Toyota and Accenture have announced plans to pilot an artificial intelligence (AI) taxi service in Japan, alongside other companies.
The pilot scheme will also be carried out with Japan Taxi and telecommunications carrier KDDI, which aims to bring a better taxi service to both customers and drivers using a new artificial intelligence (AI) system. Data is extracted from a number of sources, including smartphones, cab locations and weather patterns.
Combining data from taxi service logs with demographic predictions, based on location data as well as event information the AI system can help predict the best place to pick up passengers. Using 500-meter mesh-based parameters every 30 minutes, the system uses AI to predict the number of occupied taxis in Tokyo.
The pilot begun in February this year, within select taxi’s using tablet PC’s equipped with the AI system. Using the map on the tablet shows both the predicted number of taxis as well as the most recent number of unoccupied taxis in the area. This then allows drivers to position their taxis based on the supply to demand basis.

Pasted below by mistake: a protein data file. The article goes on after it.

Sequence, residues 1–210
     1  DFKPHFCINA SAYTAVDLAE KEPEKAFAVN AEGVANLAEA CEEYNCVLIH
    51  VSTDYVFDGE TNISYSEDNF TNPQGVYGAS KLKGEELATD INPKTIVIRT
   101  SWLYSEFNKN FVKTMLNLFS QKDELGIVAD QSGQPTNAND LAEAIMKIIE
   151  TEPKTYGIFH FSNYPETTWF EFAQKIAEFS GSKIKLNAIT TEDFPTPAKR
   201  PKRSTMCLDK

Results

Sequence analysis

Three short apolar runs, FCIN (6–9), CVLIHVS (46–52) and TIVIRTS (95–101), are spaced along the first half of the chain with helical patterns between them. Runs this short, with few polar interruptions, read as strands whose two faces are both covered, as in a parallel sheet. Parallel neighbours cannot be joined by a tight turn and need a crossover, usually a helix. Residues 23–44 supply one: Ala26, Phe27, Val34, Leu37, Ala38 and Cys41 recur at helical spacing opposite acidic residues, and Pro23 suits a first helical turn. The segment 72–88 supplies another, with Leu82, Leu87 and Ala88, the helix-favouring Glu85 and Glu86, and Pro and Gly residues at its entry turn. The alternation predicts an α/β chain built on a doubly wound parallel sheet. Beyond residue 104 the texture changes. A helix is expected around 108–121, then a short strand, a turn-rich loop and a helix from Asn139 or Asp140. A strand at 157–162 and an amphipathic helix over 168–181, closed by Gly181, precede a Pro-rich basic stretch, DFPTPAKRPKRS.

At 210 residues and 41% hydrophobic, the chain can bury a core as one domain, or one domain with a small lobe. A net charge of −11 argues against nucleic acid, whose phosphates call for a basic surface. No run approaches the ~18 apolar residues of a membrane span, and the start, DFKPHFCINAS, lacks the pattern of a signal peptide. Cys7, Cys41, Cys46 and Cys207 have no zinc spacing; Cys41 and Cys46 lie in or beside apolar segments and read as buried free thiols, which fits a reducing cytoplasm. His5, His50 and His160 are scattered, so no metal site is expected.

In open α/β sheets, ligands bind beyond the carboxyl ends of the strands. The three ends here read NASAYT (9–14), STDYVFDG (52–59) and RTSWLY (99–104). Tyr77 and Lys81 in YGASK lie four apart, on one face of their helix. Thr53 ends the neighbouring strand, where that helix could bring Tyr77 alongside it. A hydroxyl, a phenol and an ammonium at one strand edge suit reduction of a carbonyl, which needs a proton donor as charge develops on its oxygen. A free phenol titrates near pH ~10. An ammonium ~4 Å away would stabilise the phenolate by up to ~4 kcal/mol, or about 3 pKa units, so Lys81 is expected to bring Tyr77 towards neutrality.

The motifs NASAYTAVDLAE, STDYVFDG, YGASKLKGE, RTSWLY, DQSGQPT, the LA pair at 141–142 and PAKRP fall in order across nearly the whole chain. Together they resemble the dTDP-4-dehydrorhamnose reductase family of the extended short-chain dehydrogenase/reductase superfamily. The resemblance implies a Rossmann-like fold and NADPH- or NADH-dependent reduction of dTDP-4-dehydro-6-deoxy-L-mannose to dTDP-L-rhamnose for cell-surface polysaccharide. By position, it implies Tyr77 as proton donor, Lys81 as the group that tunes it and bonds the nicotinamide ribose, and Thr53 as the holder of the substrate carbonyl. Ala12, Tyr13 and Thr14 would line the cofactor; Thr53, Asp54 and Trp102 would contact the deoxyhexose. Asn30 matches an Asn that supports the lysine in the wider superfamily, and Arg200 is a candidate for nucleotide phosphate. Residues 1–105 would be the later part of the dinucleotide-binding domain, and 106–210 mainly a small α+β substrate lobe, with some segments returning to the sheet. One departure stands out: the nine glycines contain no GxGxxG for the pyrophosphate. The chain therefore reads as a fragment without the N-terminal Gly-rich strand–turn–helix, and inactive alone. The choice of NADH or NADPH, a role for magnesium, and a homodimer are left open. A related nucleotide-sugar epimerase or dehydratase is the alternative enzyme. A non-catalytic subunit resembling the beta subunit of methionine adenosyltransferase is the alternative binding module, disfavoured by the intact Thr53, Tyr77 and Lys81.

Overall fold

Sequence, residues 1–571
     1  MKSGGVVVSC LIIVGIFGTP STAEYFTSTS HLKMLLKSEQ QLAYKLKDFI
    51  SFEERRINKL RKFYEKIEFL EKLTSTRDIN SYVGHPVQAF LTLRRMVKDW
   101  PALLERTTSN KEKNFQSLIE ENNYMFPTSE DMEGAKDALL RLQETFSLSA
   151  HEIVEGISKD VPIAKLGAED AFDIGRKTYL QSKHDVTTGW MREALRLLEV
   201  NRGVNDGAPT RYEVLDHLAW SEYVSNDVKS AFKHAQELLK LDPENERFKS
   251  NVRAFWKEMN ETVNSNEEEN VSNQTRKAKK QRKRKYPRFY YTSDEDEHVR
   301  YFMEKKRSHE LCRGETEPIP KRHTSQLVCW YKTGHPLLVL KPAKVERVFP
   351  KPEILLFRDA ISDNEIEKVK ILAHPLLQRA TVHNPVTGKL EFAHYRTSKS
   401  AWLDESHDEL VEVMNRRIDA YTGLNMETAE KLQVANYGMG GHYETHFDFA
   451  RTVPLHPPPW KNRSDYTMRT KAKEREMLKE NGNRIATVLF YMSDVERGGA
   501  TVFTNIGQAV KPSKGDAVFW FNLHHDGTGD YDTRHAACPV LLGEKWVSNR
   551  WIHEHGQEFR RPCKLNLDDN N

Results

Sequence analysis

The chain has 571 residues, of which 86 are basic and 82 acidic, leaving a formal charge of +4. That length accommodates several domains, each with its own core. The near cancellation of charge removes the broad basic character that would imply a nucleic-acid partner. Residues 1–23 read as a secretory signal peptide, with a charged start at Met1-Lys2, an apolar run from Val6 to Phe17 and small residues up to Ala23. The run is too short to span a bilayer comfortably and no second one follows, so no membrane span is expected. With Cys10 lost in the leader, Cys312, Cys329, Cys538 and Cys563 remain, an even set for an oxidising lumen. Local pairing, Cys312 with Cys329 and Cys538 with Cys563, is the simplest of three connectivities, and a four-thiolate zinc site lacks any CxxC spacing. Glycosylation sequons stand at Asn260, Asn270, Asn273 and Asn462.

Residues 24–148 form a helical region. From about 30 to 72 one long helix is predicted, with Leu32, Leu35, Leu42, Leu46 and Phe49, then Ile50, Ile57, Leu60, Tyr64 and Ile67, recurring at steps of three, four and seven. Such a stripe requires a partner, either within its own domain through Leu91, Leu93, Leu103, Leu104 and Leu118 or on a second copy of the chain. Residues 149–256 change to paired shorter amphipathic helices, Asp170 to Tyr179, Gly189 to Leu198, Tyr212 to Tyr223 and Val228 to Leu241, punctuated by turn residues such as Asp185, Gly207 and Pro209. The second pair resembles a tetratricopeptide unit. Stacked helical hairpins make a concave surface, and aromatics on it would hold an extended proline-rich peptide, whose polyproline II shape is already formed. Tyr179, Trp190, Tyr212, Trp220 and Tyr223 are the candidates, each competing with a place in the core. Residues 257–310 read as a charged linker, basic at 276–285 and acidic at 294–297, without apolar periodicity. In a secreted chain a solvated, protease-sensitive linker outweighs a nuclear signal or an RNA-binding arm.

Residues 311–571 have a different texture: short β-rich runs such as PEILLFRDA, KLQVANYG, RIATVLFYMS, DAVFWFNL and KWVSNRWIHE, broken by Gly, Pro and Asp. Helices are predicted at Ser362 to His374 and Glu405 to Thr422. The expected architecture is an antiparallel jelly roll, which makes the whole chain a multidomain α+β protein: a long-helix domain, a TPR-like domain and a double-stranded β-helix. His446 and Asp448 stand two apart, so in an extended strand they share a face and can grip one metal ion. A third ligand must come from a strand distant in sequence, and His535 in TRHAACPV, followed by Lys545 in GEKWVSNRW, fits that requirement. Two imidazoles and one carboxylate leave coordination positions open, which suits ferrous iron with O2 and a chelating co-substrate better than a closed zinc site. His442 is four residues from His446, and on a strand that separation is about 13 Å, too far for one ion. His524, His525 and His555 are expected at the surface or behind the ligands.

Once taxi drivers know the areas of demand, it enables them to locate themselves in those higher areas to reduce waiting time for passengers as well as increase profits for themselves. Using AI technology the tablet can also direct drivers on the best route to get to where the passenger demand is, using real-time traffic data.
To date, the pilot has seen a 94.1% accuracy in the AI system results, which has enabled Toyota and Japan Taxi to increase profits for taxi drivers by around 20%. This is a significant increase and positive outcome from the pilot, compared to the average of 9% profit that is normally achieved.
As well as boosting taxi sales and pick up times the companies believe that the system can contribute to transforming the taxi industry, enhancing convenience while also being used as a training tool for new taxi drivers.
The key aim of the initiative is to fulfil the demand during the peak times, to reap the benefits for both passengers and drivers especially during those peak times. As the pilot has proved a success so far, it looks like a positive future for the residents of Tokyo for future ride-hailing services.
This article is from the CBROnline archive: some formatting and images may not be present.
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